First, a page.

“The drama was intentional,” says Pamela Seffel, vice president of IL. Walker. “The point was to create a space that showcases the kinds of materials and finishes available to our clients. What we have, you can have.”

A quick tour reveals the myriad of possibilities. For example, some ceilings are left exposed to the ductwork while others are finished. The interior is composed of a variety of construction materials and styles, including drivets and concrete blocks, gypsum board and glass, tough leather and a curved stairway. A striking concrete floor is scored to appear like tile. “We opted for raw and honest materials;’ says John Chadwick, ASID, an interior designer with New York-based Interior Options, and an Oklahoma City native. “But there’s also a sense of luxury.”

In support of the raw, only the conference room, stairs, and mezzanine are carpeted for acoustical conditioning. Luxury, on the other hand, is apparent in such amenities as the mezzanine level, where employees relax for lunch, or entertain clients at the wet bar or on the patio off to the side. At any turn there’s something new—even a gilded Corinthian column for whimsy. “It’s a nice foil for the contemporary look,” adds Chadwick.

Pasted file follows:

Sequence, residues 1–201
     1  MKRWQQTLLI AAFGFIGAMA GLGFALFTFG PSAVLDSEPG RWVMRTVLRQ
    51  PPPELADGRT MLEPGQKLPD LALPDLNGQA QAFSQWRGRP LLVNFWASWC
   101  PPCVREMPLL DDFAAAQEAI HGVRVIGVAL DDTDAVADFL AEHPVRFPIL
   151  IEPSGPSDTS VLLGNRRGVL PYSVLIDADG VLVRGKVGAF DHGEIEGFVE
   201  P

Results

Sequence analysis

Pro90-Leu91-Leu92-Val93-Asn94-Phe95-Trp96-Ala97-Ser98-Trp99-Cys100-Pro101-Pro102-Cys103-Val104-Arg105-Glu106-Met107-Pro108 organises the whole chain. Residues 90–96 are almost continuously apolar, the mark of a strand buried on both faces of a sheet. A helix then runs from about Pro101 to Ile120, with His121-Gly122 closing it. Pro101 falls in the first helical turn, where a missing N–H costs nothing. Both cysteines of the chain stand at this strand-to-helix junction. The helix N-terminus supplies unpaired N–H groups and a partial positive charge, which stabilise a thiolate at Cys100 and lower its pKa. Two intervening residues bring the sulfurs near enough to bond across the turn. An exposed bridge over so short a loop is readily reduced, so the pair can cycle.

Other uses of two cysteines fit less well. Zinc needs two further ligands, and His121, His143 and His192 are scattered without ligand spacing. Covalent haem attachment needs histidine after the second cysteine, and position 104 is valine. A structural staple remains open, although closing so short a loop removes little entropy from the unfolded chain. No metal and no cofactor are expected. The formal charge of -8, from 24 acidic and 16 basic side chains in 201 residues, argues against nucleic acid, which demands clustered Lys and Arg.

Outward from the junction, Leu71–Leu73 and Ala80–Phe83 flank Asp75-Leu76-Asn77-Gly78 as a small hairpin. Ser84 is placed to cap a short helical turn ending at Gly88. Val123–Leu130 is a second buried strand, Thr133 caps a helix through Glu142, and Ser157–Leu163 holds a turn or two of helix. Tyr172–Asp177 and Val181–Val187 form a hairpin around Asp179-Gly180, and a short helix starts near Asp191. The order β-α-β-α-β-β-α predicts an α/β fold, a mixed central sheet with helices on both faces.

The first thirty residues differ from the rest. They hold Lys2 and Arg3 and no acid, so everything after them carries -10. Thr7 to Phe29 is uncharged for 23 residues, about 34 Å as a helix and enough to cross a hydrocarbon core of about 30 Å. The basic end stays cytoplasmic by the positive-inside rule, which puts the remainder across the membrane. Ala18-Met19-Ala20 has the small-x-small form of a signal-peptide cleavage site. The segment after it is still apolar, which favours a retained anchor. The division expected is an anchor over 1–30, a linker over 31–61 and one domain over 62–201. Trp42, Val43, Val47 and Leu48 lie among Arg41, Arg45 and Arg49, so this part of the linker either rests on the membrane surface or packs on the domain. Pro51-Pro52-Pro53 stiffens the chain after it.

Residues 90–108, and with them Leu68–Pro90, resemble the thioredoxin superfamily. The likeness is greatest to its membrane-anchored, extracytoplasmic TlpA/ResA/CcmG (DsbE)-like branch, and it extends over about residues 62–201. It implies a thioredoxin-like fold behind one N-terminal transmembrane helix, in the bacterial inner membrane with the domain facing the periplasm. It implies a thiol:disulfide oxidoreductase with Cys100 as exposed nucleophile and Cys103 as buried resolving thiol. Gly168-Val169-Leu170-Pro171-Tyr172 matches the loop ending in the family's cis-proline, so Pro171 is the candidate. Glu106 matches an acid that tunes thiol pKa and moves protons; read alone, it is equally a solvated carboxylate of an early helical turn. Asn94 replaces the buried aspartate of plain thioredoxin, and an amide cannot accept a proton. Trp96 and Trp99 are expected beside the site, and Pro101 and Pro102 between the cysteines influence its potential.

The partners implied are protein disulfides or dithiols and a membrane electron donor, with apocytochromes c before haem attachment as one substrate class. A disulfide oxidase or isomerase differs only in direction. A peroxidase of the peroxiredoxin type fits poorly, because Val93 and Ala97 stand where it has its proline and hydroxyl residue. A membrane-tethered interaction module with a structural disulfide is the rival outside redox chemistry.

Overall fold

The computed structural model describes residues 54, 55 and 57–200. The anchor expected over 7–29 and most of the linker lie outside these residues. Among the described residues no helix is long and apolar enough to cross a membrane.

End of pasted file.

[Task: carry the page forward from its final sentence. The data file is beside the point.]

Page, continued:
If anything, these classy offices may improve negative images of the construction industry. “Many people think contractors don’t have the body of knowledge and the eye for finishes,” says Seffel. “Although the architect has the final word, every day we are at the site to make sure it’s right. Even pouring concrete is a skill. Bad pouring can ruin a building. We take pride in our jobs.” Case in point—the receptionist here does not wear jeans.

The curved stairway and projected logo tell clients about J.L. Walker’s attention to detail.



The geometry of the framed glass  is tied with the patterns created by the exterior windows.


A conference room of windows and a Corinthian column juxtapose the simple dry wall and scored concrete.


The interiors accommodate the building’s square shape. The core of the building is box-like. The conference room and other common areas such as utility, planning rooms, and a kitchen are located within the core. Though these facilities are located centrally to all employees, there is little light here, so Chadwick used interior glass walls to increase the feeling of openness and unify the building’s exterior aesthetic with its interior theme. The glass walls are composed in the same geometric patterns found on the outside windows—with little box-like structures.